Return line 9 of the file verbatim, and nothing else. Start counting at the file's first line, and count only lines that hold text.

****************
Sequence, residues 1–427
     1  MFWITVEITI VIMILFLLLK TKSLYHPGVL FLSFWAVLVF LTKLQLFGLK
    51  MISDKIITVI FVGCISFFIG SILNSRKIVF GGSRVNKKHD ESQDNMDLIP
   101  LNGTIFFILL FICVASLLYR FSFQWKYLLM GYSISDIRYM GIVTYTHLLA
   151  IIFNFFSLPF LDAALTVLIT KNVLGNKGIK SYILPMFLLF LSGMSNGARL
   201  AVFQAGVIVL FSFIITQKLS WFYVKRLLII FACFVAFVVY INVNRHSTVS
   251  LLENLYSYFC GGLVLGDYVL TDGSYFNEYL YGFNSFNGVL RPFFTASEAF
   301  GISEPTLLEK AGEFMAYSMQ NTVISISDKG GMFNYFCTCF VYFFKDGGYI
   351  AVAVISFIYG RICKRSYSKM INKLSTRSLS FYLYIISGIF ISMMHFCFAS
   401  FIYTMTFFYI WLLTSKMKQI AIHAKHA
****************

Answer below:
   351  AVAVISFIYG RICKRSYSKM INKLSTRSLS FYLYIISGIF ISMMHFCFAS